including the venerable Contax T2 (I've still got it!)I learned that
    you can't beat a tiny compact camera when you need to work fast or in
    difficult situations.For me there are always times when I travel when
    I need a close up shot (not macro) say from about 12 - 14 inches with
    a 35mm lens.Leica lenses can't do it.Leica doesn't believe there is a
    market for a close focus lens for the m series.They are wrong.Bet you,
    that if they introduced one, they would sell loads!
    So,at this moment in time there are three options.
    CONTAX T3, ROLLEI AFM35/FUJI KLASSE or RICOH GR1v.
    All have excellent lenses.No point in arguing which is the best
    because they are all capable of quality results.
    T3 might be best all rounder but is actually a little too small for
    good handling and has poor flash range.Best construction though with
    Titanium shell.
    Ricoh has interesting finder.You can see outside the frame area just
    like a leica M!!and with illuminated frames and LCD very easy to use
    in the dark.I speak from experience.
    Rollei/Fuji has a nice big flash,is comfortable to hold and simple to
    use .In Popular photo.magazine lens tested slightly BETTER than T3's..
    and that is no mean feat!!Finder has the dreaded blackout problem when
    you don't center your eye..and in my opinion camera designers need a
    rap on the knuckles about this problem!!
    Whichever of these you choose though you'll have a camera that can
    deliver the goods!I wouldn't like to say which is the best.I want all
    of them!!Then after travelling around India for a few months with
    several dozen rolls of film..I'll let you know.
     
  75. I bought a Minox 35GT for use as a pocket camera. It's OK but th
    emeter is off so it under-exposes by at least 1 ev. It means I have
    to set the film speed to 1/2 of what it's supposed to be. I
    understand that's a common fault with Minox 35s. By the way, WTF has
    Martin done to the font size on this thread?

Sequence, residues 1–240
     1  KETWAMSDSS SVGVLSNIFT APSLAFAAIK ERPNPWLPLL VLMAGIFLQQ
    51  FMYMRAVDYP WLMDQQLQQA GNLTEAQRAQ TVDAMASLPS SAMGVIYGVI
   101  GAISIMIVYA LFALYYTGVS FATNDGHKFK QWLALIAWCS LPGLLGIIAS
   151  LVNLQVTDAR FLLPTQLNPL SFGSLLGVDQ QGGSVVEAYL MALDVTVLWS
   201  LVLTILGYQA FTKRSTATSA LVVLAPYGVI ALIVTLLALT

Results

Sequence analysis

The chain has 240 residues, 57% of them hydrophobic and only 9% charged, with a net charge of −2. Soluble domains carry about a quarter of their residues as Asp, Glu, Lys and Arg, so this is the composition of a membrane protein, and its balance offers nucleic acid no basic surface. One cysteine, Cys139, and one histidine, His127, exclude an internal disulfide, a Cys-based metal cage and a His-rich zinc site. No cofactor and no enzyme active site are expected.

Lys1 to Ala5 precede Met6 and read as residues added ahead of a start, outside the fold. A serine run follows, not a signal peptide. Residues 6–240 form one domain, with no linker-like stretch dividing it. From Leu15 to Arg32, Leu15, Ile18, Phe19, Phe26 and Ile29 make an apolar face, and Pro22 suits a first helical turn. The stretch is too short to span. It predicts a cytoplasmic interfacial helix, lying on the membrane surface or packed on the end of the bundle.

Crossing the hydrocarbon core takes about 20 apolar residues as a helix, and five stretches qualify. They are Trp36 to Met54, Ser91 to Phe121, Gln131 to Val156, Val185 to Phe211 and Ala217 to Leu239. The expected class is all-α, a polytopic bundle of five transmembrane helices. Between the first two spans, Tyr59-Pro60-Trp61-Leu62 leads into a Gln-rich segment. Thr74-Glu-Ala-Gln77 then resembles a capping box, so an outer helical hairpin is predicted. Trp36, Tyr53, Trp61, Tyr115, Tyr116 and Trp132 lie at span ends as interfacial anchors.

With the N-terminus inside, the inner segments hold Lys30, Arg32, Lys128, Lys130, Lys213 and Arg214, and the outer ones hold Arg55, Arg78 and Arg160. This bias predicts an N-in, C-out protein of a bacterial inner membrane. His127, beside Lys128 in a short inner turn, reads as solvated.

76. I bought a Minox 35GT for use as a pocket camera. It's OK, but the
    meter is off so it under-exposes by at least 1 ev. It means I have to
    set the film speed to 1/2 of what it's supposed to be. I understand
    that's a common fault with Minox 35s. By the way, WTF has Martin
    done to the font size on this thread?
     
  77. <font size=+><p>
    My Minox GT-E and Minox 35ML exposure is right on the mark.<p>
    Minox 35 camera meter is as accurate as Gossen, because its meter
    is Gossen
     
  78. Sorry, nothing to add, just that the small font was bothering me -- had to squint to read the posts.
     
  79. Users comments on Minox 35
     
  80. <font size=+>
    <p> One extra ordinary feature of Minox 35 camera is its ultra long
    automatic exposure.
    <p> Most cameras, compact, SLR, RF, etc, have a long shutter time
    of 10 sec to 30 sec.
    <p> The automatic shutter of Minox 35 can last 10 minutes, 20 minutes
    even 30 minutes.
    <p>
     
  81. Ricoh Gr1(s) if use is "wideangle", if vignetting is not
    disagreeable, and if a flash is not needed to be other than weak.
    Contax T3 - am I the only person in the world with a T3 which renders
    slide films with blue/magenta cast, provides no real detail in shadow
    areas (even when slightly overexposing, and, because of small size &
    weight, is difficult to hand hold while avoiding camera shake
    softness? (probably, so please don't inundate me with scoffing e-
    mail - I'm embarrased enough by the fuzzy snapshots I get with the T3
    (even when the camera's mounted on my trusty manfrotto!(Also the T3
    flash is a total waste of space)
    Minilux 40mm. Yes - wonderful, but a bit big.
    Conclusion: If you want 'leica' pics get minilux, if you want
    convenience with reasonably good pic quality get Ricoh. If you want
    Emperors New Clothes and frustrating quality - get T3
    Before other T3 owners start blowing their tops, perhaps they could
    provide me with a link to a web site showing t3 pics which are
    supposedly superior enough to justify the hype?
     
  82. why not a Contax G1? They can be picked up for a very good price
    nowadays and comes w/ a 45/2 zeiss lens. Outstanding quality, auto-
    focus. cheers,
     
  83. The Olympus RC!!! AE with full manual overide, Killer viewfinder info
    on F/stop and Shutter speed. Incredibly sharp 42mm f2.8 lens.